We left rainy Honduras and continued north, crossing the border back into Guatemala. We wanted to see the Rio Dulce (Sweet River). This wide, winding, green river runs 26 miles from Lake Izabel to the port town of Livingston, where it empties into the Caribbean Sea. We heard about this river several years ago, when we traveled to Belize to sail with my Dad and his wife Kay. They sailed on the Rio Dulce, and I knew by their description that I wanted to see it.
We decided to find a place to stay once we got there, since I knew that many of the accommodations along the river were only accessible by boat. We wanted to stay on the water, but have access to our truck and motorcycle.
The town of Rio Dulce is situated on the banks of Lake Izabel, and serves as a busy thoroughfare. The narrow CA13 highway cuts straight through this gritty little town. Tightly packed markets, street vendors, restaurants and pharmacies line the edges of the road. Old, rusty semi trucks barrel through town, spitting out a thick exhaust that covers the buildings with a dark soot. It's best to assume the trucks have the right of way. Pedestrians and bicycles dart back and forth across the road, and motorcycles carrying a family of four weave and swerve through the chaos. It’s a place mostly visited by weathered sailors and curious backpackers. I loved it.
Photos of the town of Rio Dulce below.
Below is a short video of us riding down Rio Dulce's crowded street.
We arrived in Rio Dulce right before nightfall, and drove around looking for a place to lay our heads for the night. We found a nice little hotel that didn't mind PJ being in the room.
I got online to look for places to stay that we could check out the following day. I found a place on www.airbnb.com that was described as a large “private room” with two queen beds and a bunk bed. The listing said the property was located on the river, and had a community kitchen, boat dock, pool, parking, and Rosita’s restaurant. I wasn’t sure what this place was (hotel?), as it had no name. It was also a little hard to find. If you can get a signal, you can follow your GPS to Rosita's restaurant, or you can ask anyone in town and they can tell you where it is.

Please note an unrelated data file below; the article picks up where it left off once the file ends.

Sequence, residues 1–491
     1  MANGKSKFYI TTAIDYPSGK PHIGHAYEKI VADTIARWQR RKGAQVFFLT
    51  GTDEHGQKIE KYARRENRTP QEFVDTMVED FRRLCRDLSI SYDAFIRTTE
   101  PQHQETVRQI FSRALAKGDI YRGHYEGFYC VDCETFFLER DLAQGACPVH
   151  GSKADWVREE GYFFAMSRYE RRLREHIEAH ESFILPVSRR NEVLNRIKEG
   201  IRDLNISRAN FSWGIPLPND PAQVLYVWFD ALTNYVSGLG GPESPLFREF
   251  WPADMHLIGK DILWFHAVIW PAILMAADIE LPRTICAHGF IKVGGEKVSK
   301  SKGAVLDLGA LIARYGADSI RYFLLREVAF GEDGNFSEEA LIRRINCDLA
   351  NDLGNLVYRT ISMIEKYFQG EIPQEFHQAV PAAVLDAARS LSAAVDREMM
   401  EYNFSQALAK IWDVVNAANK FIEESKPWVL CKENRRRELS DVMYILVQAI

We went to see the place the following day. It was a property built partially over a jungle swamp. There was a wooden plank pathway also built on stilts over the swamp that leads to the restaurant, lounge areas, pool and boat dock.
Photos of the property below, including our room.
The best thing about the place was that we could leave our kayak and paddleboard tied to the dock for 24 hour easy access!
The first thing I wanted to do was to take a boat ride up the length of the river to Livingston, to get an overview of it in it's entirerty. We caught a public lancha (small motor boat) from the public dock in Rio Dulce. There are two scheduled departures - 9:30 am, and one at 2:00 pm. We paid about $16 US dollars each, for a round trip ride.
They take you past Castillo de San Felipe, a Spanish castle/fort situated on the edge of the river (built to keep British pirates at bay), and a tiny island jam packed with a jillion squawking birds. We stopped at a beautiful lily pad lagoon, where a couple young girls in wooden canoes approached our boat to show us their handmade treasures for sale. Lastly we stopped and got off at a hot springs / restaurant. We had about fifteen minutes to put our feet in the hot water and get a quick drink.
The highlight of the ride was shortly before Livingston, where we suddenly found ourselves between steep canyon walls. I wanted the boat to slow down, so I could have a moment in this place that God created. I didn't take photos because I really wanted to see it. I would have loved to have jumped overboard and spent the entire day floating down the rest of the river to Livingston.
The boat pulled into Livingston and dropped the passengers off for a few hours to explore before heading back to Rio Dulce. You can only access Livingston by boat.
A few photos of Livingston below.
After seeing the river, we spent a lot of time paddling on it.
We also paddled to a few places to have lunch on the river. One of the coolest places was Hotel Kangaroo, which is only accessible by boat. We met the easygoing Australian owner who built the place over the jungle shallows about 10 years ago. He didn't have power, so he built the place almost exclusively with hand tools. Now he prefers to build that way.
He said seeing Guatemala change from a very dangerous place ten years ago, to the warm and inviting place it is today was one of the greatest joys of his life.